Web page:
Photorealism or hyper-realism is a concept of making a drawing look so real that it appears like a photograph. An artist may get inspiration for this technique from animals, human subjects, cityscapes, landscapes and nature. Photorealism makes a drawing look authentic by focusing on details, shading and contours.

Related: How to Become a Photographer (Skills Included)

Perspective drawing

Perspective drawing or anamorphic or 3D drawing focuses on creating a three-dimensional image on a two-dimensional surface, such as paper. To create perspective drawings, you may focus on space, volume, light, distance, scale and surface to relate various objects in the drawing.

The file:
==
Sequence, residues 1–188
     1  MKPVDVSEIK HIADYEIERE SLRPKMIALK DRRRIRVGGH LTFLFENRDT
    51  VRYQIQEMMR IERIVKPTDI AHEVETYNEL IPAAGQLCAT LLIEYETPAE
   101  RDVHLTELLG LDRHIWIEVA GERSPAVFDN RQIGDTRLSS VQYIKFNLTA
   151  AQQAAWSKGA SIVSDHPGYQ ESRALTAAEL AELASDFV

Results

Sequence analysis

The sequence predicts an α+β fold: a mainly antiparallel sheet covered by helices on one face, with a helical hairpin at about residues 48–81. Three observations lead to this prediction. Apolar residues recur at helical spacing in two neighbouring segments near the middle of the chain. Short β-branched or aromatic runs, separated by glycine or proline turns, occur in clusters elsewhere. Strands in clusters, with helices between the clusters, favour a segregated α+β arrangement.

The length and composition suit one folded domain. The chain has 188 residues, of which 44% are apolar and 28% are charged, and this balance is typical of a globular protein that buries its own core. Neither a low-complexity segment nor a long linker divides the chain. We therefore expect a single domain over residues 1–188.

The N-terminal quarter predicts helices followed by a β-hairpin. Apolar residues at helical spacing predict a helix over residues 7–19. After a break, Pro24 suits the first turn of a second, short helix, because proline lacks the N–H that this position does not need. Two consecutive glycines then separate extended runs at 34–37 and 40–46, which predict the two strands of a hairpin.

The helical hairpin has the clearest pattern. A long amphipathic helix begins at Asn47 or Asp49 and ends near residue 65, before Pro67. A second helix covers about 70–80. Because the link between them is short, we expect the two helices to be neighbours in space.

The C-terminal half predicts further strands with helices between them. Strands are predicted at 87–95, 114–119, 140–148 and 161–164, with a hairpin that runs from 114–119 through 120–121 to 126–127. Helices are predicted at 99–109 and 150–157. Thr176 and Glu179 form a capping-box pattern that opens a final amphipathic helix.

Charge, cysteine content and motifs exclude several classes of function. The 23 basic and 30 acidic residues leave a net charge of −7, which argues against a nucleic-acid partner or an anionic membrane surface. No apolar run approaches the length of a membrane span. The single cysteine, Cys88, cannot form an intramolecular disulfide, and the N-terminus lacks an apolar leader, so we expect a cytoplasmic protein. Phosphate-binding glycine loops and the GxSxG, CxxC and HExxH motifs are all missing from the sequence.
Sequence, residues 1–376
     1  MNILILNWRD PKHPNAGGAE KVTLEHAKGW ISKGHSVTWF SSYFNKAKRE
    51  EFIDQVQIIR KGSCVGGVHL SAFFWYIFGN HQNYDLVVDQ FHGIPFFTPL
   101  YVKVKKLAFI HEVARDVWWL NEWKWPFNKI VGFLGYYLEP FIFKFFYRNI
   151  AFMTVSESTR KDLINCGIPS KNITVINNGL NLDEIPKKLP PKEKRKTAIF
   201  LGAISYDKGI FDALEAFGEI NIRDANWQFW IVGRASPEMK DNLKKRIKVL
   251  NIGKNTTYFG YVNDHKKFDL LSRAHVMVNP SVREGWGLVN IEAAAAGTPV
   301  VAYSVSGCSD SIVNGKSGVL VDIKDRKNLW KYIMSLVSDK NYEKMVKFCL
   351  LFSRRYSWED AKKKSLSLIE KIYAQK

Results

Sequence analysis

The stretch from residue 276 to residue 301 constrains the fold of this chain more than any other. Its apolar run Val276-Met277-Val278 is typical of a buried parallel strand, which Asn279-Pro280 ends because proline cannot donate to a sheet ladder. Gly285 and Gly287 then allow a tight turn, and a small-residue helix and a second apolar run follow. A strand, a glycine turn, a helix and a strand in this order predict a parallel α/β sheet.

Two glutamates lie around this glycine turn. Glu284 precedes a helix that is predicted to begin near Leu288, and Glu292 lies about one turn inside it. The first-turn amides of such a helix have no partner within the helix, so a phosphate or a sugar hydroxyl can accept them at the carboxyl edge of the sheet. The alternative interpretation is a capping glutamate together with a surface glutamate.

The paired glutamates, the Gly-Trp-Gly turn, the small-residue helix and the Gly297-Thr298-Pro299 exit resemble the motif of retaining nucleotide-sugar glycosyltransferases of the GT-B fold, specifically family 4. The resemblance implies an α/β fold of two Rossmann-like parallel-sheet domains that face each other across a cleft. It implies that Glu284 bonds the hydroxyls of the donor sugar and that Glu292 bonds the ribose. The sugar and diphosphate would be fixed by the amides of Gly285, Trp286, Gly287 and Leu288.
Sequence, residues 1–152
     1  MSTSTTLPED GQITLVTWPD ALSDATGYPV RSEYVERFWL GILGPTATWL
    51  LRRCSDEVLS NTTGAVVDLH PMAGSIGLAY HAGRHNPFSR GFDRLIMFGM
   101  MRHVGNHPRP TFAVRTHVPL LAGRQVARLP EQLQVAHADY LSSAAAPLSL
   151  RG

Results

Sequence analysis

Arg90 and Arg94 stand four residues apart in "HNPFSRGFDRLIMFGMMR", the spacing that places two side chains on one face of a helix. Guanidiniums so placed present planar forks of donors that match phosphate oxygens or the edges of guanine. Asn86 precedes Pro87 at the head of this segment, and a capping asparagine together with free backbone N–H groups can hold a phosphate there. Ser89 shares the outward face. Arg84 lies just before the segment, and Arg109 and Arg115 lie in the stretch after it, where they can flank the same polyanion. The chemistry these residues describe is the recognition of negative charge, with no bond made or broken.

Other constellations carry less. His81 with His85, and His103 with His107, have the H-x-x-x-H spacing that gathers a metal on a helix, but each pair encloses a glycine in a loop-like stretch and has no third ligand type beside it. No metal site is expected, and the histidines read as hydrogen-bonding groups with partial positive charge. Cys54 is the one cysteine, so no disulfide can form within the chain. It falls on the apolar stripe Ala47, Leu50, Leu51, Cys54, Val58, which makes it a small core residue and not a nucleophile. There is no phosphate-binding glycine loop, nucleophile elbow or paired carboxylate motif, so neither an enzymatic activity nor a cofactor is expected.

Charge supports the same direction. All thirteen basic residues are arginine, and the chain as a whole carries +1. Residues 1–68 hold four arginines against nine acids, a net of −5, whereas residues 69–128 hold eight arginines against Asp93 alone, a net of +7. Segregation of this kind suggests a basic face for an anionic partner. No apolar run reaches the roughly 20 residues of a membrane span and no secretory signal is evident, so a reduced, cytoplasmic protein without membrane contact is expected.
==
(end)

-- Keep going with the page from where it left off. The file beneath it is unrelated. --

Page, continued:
Pointillism is a technique you may apply in both paintings and drawings. It's where you create an image using the stippling method, which focuses on using many tiny dots to form an image. When you view the drawing from a distance, you see a realistic image.

Scientific illustrations

An artist may use drawing abilities to create scientific illustrations or diagrams to communicate various concepts and make them easy to understand. These illustrations focus on scientific subjects like the human body, naturally occurring objects or animals. The illustrations may use labels and arrows to point to information and show how various parts interact with each other.

Related: What Does an Illustrator Do? (And How to Become One)

Silhouette drawing

A silhouette drawing is an image or design that outlines an object in a single tone or hue. They're usually in black and white, where one colour serves as the background and the other creates the silhouette. Silhouettes are common for profile portraits, and they only use lines and curves and no details.